Randall B. KNESE, Appellant, v. STATE of Missouri, Respondent.
A jury convicted Randall B. Knese of first-degree murder and attempted forcible rape, and he was sentenced to death. On direct appeal, this Court affirmed. State v. Knese, 985 S.W.2d 759 (Mo. banc), cert. denied, 526 U.S. 1136, 119 S.Ct. 1814, 143 L.Ed.2d 1017 (1999).
Defendant then moved for post-conviction relief, which was denied. Rule 29.15. This Court has jurisdiction of the appeal. Mo. Const. art. V, sec. 10; order of June 16, 1988. Affirmed in part, and reversed in part.
On direct appeal, this Court stated the following facts.
On the morning of March 23, 1996, neighbors observed a belligerent Knese in the streets, half-dressed, screaming, and combative. Other than minor scratches on his face, he did not appear injured. He jumped on the hood of a moving car, was dragged and left lying in the road. The police were called.
When police asked how he was injured, Knese stated that the “devil had come to get him,” and “the bitch tried to kill” him. A second officer, investigating the Knese home, discovered the body of Karin Knese on the floor.
Knese was taken to the hospital, and advised of his Miranda rights, which he waived. Knese made four statements to the police regarding the murder-detailing the facts summarized in the next two paragraphs.
He admitted killing his spouse. Angry about his drug use, she had decided to sleep in a separate room. Early the next morning, after ingesting cocaine, he attempted to make up. Not wanting to be bothered, she pushed him off the couch where she was sleeping. Knese attempted “foreplay;” she protested; he pulled off her pants and panties. Climbing on top of her, he attempted to rape her, but failed because he could not sustain an erection.
A fight ensued. She screamed “rape.” Knese put one hand over her mouth while squeezing her neck with the other. She grabbed a glass lampshade and swung. Knese blocked the swing with his arm, shattering the lampshade. She picked up a piece of glass and swung again, cutting his palm. Knese took the glass and slashed her neck. The two fell to the floor, where Knese again strangled her. His hold was so tight that his thumb went through her skin. He bit her neck. When she put a finger in his eye, he headbutted her. Finally, Knese stood up, kicked her head, and stood on her neck for five or ten minutes.
Following trial, the jury convicted Knese of attempted rape, sentencing him to twenty years imprisonment, and first degree murder, recommending the death penalty. On June 7, 1999, Knese filed for post-conviction relief.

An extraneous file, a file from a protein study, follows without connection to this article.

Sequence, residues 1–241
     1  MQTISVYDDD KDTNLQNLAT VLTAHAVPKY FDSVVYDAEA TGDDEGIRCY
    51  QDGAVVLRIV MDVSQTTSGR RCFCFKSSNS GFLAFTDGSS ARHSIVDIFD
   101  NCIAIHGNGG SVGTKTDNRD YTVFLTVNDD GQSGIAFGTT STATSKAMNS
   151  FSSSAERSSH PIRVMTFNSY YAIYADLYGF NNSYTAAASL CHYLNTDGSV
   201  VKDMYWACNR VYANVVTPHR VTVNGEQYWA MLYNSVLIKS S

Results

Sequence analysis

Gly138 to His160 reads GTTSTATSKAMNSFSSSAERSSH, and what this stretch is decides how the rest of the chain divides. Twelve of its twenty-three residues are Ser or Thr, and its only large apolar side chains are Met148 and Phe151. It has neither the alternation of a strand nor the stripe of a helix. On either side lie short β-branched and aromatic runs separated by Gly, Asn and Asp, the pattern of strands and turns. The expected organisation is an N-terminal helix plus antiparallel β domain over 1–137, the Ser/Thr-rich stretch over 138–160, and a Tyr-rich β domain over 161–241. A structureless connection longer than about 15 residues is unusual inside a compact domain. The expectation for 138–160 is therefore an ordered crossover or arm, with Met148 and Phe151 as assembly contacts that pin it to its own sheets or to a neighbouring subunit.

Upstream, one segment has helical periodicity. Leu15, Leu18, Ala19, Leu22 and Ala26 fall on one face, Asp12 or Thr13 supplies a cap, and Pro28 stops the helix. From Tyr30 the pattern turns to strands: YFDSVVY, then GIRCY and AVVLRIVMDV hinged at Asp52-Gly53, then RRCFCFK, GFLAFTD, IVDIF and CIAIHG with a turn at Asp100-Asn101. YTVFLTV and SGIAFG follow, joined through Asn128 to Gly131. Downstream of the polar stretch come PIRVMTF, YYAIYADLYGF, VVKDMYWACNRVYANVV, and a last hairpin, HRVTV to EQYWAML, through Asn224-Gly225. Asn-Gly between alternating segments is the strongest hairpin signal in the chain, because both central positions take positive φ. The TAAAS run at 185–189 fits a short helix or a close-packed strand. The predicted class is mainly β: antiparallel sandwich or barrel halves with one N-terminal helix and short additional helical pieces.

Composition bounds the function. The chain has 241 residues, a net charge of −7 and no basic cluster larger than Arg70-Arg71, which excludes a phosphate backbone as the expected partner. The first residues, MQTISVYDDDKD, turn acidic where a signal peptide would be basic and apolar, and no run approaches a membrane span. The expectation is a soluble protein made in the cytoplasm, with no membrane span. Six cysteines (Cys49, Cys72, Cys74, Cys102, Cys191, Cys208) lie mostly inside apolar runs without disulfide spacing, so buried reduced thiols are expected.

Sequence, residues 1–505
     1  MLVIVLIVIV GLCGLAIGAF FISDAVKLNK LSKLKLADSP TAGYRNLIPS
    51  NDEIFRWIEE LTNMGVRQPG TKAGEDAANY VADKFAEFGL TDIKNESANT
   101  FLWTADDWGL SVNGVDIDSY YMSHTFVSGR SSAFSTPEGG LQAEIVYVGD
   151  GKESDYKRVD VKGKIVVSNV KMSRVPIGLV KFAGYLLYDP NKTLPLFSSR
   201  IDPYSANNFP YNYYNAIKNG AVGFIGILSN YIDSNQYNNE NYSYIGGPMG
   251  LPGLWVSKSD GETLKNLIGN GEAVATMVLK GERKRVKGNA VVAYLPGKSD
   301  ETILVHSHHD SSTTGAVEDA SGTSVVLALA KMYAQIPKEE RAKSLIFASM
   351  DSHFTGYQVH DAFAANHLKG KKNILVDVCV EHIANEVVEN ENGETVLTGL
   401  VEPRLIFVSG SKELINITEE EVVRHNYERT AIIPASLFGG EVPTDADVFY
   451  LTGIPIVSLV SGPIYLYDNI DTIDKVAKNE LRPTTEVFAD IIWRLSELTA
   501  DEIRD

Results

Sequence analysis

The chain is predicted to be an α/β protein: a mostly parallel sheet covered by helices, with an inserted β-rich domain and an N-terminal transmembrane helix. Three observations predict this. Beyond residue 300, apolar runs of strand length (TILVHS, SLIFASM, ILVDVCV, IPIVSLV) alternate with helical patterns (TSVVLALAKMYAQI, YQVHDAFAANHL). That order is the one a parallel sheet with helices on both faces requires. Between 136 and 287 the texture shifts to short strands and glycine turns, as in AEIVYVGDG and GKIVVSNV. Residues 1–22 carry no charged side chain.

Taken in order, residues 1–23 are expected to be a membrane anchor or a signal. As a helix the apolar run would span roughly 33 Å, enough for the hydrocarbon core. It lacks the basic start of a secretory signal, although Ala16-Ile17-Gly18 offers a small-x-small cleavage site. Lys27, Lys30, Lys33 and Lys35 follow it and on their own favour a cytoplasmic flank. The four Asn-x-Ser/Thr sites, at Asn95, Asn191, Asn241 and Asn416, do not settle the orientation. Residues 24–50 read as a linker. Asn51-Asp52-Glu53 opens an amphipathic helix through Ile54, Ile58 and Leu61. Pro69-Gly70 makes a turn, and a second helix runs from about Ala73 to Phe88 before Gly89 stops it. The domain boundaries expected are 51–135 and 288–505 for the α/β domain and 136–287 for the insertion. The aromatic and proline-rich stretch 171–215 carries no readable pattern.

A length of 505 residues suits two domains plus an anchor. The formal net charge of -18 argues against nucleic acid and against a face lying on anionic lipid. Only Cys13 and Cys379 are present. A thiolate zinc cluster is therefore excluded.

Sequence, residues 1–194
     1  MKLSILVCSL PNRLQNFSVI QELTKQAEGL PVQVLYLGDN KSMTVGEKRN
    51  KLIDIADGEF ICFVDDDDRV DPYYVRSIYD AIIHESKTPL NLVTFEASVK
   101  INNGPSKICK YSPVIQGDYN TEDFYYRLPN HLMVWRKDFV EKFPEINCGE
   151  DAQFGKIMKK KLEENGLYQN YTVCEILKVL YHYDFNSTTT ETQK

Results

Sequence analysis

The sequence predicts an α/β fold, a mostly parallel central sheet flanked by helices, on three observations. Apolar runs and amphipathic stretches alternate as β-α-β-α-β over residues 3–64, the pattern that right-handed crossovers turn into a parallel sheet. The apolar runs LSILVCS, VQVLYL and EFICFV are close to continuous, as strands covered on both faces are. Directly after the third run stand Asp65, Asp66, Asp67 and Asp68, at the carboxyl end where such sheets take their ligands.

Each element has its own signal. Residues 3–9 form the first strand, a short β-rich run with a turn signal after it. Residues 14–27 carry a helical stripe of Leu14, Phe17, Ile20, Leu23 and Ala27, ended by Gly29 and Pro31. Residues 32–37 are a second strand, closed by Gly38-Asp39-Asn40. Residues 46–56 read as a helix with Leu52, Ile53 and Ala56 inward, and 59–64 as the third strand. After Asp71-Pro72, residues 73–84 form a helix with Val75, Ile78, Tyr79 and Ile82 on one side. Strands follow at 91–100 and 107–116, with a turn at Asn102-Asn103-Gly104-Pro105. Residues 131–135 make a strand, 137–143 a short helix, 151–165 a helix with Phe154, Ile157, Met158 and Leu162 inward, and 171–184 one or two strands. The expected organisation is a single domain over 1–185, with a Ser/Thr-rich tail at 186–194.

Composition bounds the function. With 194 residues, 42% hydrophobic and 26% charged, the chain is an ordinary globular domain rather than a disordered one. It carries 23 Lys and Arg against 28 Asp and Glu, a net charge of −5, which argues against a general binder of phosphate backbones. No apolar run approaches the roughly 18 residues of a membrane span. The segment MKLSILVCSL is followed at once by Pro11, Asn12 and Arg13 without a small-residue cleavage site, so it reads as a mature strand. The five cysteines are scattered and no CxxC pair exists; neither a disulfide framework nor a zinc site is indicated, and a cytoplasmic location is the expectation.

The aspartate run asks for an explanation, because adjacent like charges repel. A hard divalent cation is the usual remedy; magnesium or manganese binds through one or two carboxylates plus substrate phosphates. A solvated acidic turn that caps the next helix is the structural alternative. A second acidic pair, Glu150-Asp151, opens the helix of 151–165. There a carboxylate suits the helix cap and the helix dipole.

II. Standard of Review
This Court reviews post-conviction cases to determine whether the findings and conclusions of the trial court are clearly erroneous. Rule 29.15(k). “Findings and conclusions are clearly erroneous if, after a review of the entire record, the court is left with the definite and firm impression that a mistake has been made.” Moss v. State, 10 S.W.3d 508, 511 (Mo. banc 2000). Defendant must prove his claims by a preponderance of the evidence. Rule 29.15(i).
To establish that counsel was ineffective, the defendant must show that: (1) counsel's performance was deficient, and (2) the deficient performance prejudiced the defendant, which deprived him of a fair trial with a reliable result. Strickland v. Washington, 466 U.S. 668, 687, 104 S.Ct. 2052, 2064, 80 L.Ed.2d 674, 693 (1984). The reviewing court presumes that the trial attorney's conduct was reasonable, and was not ineffective. Clayton v. State, 63 S.W.3d 201, 206 (Mo. banc 2001), cert. denied, 535 U.S. 1118, 122 S.Ct. 2341, 153 L.Ed.2d 169 (2002). Reasonable choices of trial strategy cannot be the basis for a claim of ineffective assistance. Id.
The motion court need not hold an evidentiary hearing unless: 1) the movant cites facts, not conclusions, that if true would entitle the movant to relief; 2) the factual allegations are not refuted by the record; and 3) the matters complained of prejudiced the movant. State v. Ferguson, 20 S.W.3d 485, 503 (Mo. banc), cert. denied, 531 U.S. 1019, 121 S.Ct. 582, 148 L.Ed.2d 499 (2000).
III. Unqualified Jurors
Knese argues that his counsel, was ineffective for not striking two jurors as biased and unqualified. Counsel has been a member of the Missouri bar since 1967, minus a nine-and-a-half-year disbarment. He tried over 20 criminal cases-including several capital cases.
In preparation for voir dire, counsel reviewed the questionnaires completed by the venire. However, he did not review those received on the morning of trial. Two of these were from (eventual) jurors Dennis K. Gray and Richard R. Maloney. The questionnaires requested opinions on crime and the death penalty. Gray-the foreman-believes our laws are “way too soft” on criminals. His solution to crime is to “build more jails,” and give out longer sentences and fewer paroles. Regarding the death penalty he stated: “make executions public. If a criminal knew he was being executed in a public square in front of thousands of people, he might [think] twice about committing a murder.” Maloney stated that he disfavored “endless appeals,” “parole boards,” “good time,” and “clergy to pamper a killer,” and wrote: “if he is found guilty, do it.”